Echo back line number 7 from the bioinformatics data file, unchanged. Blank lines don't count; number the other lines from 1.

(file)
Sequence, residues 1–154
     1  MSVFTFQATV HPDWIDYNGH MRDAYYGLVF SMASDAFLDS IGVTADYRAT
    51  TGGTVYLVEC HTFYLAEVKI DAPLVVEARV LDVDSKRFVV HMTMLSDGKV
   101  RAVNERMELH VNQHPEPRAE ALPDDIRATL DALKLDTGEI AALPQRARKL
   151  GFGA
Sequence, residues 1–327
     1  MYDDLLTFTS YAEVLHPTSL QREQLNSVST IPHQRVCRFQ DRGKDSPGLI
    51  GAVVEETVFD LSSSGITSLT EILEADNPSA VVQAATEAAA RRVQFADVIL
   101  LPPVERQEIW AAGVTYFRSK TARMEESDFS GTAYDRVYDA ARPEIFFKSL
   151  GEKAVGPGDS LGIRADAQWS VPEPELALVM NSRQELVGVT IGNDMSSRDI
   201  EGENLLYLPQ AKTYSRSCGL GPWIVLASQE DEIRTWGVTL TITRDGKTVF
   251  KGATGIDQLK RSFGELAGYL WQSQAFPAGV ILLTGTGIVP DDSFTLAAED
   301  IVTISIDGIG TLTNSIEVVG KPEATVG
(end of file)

     1  MYDDLLTFTS YAEVLHPTSL QREQLNSVST IPHQRVCRFQ DRGKDSPGLI